‘Loyal Sons’ Book Release Brings Together Players’ Relatives

Author Jim Lefebvre discusses “Loyal Sons” at the book’s release event Sept. 5 at the Hammes Notre Dame Bookstore.

It wasn’t your typical day-before-the-game gathering on Friday, September 5, at the Hammes Notre Dame Bookstore. For instance, there were several Purdue fans on hand, though the Irish were playing host to San Diego State the next afternoon.

But the focus in the Bookstore’s new Café area was indeed Fighting Irish football.

The event celebrated the release of the new book, “Loyal Sons: The Story of The Four Horsemen and Notre Dame Football’s 1924 Champions” by Jim Lefebvre. “Loyal Sons” is the first book-length treatment of this famous team, the first at Notre Dame to be named consensus national champion.

Among those gathered were relatives of several members of the 1924 Irish, including nearly a full team of family members of guard Noble Kizer, one of the famed “Seven Mules.” Kizer went on to a sterling coaching career at Purdue, where he also served as athletic director. Thus, the West Lafayette area was well-represented at the event.

Some of the first customers to purchase “Loyal Sons” at its release Sept. 5 got their copies signed by the author.

“It’s great that Dad and all his teammates are being honored by the publishing of this book,” said Noble Kizer, Jr. The Kizers are related to two of the Seven Mules. Noble Kizer Sr. and tackle Edgar (Rip) Miller married sisters Phyllis and Esther Templin, of Elkhart, Ind.

In addition, relatives of guard John Weibel, center Joe Harmon and Four Horseman halfback Don Miller were also in attendance.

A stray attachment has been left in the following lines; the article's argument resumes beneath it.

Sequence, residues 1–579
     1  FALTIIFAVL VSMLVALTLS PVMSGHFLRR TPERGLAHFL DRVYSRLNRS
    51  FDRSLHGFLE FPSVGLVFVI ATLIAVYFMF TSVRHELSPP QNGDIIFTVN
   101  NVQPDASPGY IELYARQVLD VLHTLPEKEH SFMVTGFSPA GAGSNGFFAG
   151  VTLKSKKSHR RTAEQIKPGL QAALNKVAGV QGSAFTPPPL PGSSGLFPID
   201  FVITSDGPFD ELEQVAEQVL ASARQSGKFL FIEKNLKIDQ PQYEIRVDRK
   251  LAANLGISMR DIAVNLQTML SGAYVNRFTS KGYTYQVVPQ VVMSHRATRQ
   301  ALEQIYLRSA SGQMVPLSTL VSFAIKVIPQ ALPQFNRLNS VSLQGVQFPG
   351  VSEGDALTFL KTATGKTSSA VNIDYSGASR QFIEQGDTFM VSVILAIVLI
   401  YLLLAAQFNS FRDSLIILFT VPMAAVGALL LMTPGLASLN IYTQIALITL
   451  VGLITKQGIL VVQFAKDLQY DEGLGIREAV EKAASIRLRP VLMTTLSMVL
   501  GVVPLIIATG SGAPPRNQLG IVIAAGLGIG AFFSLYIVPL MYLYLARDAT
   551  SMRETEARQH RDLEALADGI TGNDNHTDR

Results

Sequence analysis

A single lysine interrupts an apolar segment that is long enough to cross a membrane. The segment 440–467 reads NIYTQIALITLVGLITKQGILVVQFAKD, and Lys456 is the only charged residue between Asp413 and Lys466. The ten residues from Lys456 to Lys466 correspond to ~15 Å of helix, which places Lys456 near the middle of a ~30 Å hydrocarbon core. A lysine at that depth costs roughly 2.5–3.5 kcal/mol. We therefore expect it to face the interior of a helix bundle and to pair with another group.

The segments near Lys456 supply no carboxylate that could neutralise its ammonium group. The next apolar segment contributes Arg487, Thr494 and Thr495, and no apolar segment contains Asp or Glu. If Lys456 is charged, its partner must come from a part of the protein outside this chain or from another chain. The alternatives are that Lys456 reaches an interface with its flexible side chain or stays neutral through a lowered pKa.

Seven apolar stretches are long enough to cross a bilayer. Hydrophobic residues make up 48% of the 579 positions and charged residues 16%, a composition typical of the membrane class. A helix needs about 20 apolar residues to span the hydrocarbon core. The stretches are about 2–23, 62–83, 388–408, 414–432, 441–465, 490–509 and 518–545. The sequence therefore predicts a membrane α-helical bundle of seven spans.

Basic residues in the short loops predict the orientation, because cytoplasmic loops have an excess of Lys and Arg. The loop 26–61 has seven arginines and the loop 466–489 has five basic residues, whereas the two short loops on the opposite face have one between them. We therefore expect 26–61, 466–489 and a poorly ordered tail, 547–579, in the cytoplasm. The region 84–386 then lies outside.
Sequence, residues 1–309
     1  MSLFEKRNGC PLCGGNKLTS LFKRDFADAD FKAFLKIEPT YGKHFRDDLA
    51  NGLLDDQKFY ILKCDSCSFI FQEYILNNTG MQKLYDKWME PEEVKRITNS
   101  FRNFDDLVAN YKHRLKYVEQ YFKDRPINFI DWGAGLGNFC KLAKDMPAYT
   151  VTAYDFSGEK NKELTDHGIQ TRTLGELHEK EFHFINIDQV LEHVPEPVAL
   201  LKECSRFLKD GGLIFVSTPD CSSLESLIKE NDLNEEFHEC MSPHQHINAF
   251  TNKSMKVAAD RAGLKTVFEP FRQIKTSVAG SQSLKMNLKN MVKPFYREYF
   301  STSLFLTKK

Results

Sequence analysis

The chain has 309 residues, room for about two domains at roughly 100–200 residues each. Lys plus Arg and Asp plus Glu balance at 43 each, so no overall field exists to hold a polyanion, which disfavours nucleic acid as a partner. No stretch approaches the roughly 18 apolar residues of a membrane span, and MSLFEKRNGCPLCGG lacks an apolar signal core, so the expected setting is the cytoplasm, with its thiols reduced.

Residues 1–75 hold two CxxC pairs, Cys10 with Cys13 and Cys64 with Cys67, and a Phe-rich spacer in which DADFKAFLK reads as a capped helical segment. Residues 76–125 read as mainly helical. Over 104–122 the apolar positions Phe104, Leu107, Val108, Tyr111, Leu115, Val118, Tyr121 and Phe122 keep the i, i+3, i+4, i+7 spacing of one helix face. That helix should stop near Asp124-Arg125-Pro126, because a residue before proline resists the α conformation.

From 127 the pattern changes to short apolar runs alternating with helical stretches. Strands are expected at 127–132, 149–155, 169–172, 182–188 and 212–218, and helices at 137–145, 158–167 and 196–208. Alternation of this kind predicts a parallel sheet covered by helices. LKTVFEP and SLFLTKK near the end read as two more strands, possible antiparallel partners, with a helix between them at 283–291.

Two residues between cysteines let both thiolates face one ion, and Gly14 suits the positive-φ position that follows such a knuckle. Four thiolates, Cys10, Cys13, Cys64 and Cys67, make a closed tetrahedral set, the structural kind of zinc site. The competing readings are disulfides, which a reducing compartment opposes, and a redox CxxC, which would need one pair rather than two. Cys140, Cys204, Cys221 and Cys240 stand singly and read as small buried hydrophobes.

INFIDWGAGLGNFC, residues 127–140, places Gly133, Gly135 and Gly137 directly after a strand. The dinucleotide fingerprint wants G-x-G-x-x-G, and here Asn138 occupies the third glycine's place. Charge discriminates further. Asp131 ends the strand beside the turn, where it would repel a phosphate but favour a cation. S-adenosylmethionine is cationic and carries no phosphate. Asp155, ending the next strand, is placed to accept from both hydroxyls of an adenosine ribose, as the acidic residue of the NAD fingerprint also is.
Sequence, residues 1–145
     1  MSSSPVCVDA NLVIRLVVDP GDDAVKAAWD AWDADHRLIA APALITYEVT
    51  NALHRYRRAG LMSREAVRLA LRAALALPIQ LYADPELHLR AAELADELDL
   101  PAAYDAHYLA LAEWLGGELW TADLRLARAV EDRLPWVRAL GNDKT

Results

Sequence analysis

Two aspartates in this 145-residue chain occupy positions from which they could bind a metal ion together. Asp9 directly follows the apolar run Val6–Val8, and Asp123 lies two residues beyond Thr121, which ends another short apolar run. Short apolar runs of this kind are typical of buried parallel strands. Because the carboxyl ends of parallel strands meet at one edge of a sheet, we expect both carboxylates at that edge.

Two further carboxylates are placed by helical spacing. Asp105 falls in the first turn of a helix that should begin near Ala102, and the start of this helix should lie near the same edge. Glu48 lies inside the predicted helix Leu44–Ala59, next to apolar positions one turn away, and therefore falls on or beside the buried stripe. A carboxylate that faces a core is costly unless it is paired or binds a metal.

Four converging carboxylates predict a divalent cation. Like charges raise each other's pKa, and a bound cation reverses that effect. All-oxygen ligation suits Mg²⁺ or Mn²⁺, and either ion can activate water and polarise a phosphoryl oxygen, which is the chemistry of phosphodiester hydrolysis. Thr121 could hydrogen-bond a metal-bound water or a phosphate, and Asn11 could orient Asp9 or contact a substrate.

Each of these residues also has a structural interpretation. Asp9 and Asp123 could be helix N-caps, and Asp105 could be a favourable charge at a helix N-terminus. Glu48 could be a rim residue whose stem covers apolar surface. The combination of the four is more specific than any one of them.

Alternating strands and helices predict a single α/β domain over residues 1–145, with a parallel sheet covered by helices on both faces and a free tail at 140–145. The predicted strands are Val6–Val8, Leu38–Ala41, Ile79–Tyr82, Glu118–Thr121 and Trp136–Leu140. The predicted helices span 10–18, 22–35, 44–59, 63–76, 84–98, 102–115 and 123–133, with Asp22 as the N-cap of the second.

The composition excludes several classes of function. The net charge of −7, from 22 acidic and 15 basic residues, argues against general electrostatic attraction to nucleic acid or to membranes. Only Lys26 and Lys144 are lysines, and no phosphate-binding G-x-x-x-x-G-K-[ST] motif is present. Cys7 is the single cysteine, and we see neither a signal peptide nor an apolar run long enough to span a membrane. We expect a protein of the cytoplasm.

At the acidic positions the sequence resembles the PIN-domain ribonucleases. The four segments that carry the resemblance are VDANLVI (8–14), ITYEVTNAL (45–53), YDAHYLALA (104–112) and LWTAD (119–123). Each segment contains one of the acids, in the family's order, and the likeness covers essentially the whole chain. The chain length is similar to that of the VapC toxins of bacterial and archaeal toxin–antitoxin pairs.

“This is a treat, to meet relatives of the other players,” said Dr. Joe Harmon, a Notre Dame grad, South Bend physician and grandson of Joe Harmon, who backed up All-American center Adam Walsh and started many games as one of the 1924 team’s “Shock Troops.”

The Miller family members stretched into the fourth generation, represented by great-granddaughter Betsy Reed, a sophomore at St. Mary’s College.

University of Notre Dame president emeritus Rev. Theodore M. Hesburgh, C.S.C., receives a copy of “Loyal Sons” from author Jim Lefebvre.

Author Jim Lefebvre spoke of his interest in the story and years of research. “It was a great honor to connect with family members of nearly two dozen players from the 1924 team. The common theme was, ‘We’re glad someone is finally telling Dad’s story, or Granddad’s story.’ For many of them, it was, ‘Nobody’s every asked us before.’”

Lefebvre became familiar with one part of the story when he grew up in Green Bay, Wisconsin, and attended the same Catholic grade school that Four Horsemen Jim Crowley had a half-century earlier. “When I found out a few years ago that nobody had written a book on the Four Horsemen and this amazing team, I knew this had to be done.”